Northern Prairie Wildlife Research Center
All of the state's rivers or streams have been impacted by man. Early explorers noted the clarity of the prairie streams. There was an abundance of freshwater fish and aquatic wildlife. Today most of these streams are silt and chemical-laden from agricultural runoff, have been channelized into straight-flowing ditches, or are inundated by reservoirs.
These impacts have significantly changed the flora and fauna. Where there was once a wide diversity of fish species, there are now bullheads and carp. Where river otter played along the banks, domestic livestock grazing and streamside tillage alters habitat.
More than fish are dependent on rivers and streams. Some species of birds, mammals, reptiles, amphibians, and plants would not be found in this state without the existence of rivers and streams. Several species have already disappeared from the state because the quality of their habitat has greatly diminished. Others are close to disappearing, and some have survived the change. Those species of most concern are listed below.
Bald Eagle: The bald eagle is a fisheater that lives near large lakes and rivers. It was thought to be extirpated from North Dakota for 30 years until a nest was found in McLean County in 1975. Now it has been 11 years since this species has nested, and energy development in western North Dakota lessen the chances that it will return as a breeding bird in our state.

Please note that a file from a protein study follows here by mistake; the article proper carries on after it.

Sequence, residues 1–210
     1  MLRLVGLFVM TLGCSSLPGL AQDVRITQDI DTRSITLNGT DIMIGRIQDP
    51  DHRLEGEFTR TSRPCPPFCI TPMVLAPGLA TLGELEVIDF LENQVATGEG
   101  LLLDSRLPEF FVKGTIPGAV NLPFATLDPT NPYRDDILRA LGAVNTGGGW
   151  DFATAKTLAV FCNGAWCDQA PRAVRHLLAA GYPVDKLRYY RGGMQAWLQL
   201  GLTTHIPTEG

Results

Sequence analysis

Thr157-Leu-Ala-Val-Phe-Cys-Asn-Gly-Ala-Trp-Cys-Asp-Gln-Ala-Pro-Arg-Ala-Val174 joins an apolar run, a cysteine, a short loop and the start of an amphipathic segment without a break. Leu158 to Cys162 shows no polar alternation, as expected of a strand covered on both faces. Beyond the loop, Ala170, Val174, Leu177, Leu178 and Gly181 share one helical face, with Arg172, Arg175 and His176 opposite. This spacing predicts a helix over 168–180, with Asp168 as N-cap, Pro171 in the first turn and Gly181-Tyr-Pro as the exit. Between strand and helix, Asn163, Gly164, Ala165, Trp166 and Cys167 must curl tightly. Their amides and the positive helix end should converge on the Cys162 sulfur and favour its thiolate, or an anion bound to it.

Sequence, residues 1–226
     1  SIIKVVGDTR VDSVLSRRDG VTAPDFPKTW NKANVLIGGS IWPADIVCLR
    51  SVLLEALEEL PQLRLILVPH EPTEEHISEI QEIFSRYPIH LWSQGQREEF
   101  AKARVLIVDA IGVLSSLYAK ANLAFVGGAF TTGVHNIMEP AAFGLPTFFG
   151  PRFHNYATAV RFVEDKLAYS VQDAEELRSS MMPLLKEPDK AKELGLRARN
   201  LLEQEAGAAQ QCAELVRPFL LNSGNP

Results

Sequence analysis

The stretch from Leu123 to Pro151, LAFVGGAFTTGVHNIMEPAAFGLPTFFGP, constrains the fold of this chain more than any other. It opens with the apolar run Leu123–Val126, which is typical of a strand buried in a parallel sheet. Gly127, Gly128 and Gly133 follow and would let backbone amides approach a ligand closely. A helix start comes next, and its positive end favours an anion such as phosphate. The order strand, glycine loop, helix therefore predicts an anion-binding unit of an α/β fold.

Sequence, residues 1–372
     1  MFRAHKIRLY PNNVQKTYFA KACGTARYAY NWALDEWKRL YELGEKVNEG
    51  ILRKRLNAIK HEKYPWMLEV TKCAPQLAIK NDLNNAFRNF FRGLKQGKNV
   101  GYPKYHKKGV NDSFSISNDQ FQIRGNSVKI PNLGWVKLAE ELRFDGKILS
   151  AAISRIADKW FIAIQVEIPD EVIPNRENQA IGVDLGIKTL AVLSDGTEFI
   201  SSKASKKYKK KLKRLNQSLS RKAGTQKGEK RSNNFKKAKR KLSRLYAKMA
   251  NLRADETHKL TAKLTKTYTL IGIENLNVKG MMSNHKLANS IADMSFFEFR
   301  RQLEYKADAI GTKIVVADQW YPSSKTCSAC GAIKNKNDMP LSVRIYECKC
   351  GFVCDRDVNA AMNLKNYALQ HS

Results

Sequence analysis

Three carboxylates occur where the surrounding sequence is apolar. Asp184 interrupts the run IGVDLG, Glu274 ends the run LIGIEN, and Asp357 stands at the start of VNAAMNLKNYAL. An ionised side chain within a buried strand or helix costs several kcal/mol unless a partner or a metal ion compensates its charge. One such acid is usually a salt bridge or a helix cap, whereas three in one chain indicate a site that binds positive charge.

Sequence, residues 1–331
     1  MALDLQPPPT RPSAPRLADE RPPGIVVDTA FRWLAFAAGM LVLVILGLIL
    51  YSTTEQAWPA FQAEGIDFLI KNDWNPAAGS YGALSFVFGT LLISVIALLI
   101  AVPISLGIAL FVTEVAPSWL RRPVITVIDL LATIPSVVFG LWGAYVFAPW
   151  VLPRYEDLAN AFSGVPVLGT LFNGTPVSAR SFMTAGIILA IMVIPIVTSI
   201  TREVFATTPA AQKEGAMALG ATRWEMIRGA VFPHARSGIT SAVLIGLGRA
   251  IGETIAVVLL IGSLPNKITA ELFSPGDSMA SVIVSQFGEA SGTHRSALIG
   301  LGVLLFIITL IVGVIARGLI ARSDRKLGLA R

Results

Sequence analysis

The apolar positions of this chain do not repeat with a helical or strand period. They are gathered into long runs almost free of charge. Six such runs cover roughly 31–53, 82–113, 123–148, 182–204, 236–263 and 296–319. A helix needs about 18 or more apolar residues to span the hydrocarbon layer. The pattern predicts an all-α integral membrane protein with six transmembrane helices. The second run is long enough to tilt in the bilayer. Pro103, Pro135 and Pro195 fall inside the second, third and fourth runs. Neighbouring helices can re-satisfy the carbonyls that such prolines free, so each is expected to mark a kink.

Least Tern: The principal habitat for least tern in North Dakota is the sandbars on the Missouri River. The nests are very vulnerable to accidental damage by humans who use the islands for recreation. Increased recreational activity along the river and water level fluctuations could easily extirpate this species. Probably no more than 40 pairs remain in our state.
Shortnose Gar, Blacknose Shiner, Rosyface Shiner, River Shiner, Red Shiner, Finescale Dace, Longnose Sucker, Greater Redhorse, Central Mudminnow, Yellow Bullhead, Flathead Catfish, Logperch, River Darter.
Paddlefish, Shovelnose Sturgeon, Sicklefin Chub, Sturgeon Chub, Lake Chub, Stoneroller, Hornyhead Chub, Pugnose Shiner, Northern Redbelly Dace, Pearl Dace, Blue Sucker, Banded Killifish
Yellow Cress (Rorippa calycina): The only North Dakota collection of this species is from Fort Union, at the mouth of the Yellowstone River, collected in July 1855. It was also collected along the Yellowstone River in 1890 at Custer, Montana. It was found in the wet river bank soil. Recently, it has also been collected in Wyoming. This species is being considered for the federal endangered species list.Sedge Family:
Sedge (Carex pedunculata): This species is known from only Cavalier County. It grows in oak and birch woodlands in the Pembina Gorge. The plant is usually found growing in rich woods. It ranges from Newfoundland to North Dakota and south to South Dakota, Iowa, and Virginia.Figwort Family:
Common Yellow Monkey Flower (Mimulus guttatus): This species is known from only one location in Grand Forks County, where it grows along the Turtle River. It ranges from the Yukon, Alaska south through Alberta, British Columbia, through the western mountain states to New Mexico, North Dakota, South Dakota, Arizona, and California.